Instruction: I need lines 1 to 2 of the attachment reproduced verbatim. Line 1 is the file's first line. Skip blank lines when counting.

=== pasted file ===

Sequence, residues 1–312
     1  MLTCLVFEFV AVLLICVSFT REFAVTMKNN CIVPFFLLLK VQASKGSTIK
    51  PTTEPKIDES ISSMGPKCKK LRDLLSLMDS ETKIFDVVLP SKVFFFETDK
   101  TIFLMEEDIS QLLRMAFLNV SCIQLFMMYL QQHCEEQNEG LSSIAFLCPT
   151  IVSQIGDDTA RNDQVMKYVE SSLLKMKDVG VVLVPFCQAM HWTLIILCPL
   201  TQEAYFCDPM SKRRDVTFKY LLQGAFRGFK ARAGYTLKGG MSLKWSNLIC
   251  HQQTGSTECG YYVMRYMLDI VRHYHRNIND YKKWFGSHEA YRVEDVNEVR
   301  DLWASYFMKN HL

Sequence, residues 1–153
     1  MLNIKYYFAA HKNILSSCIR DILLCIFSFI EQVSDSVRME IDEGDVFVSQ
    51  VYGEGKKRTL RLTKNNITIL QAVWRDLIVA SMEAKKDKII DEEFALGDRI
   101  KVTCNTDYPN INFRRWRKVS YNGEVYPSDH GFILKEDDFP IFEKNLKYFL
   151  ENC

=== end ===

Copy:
Sequence, residues 1–312
     1  MLTCLVFEFV AVLLICVSFT REFAVTMKNN CIVPFFLLLK VQASKGSTIK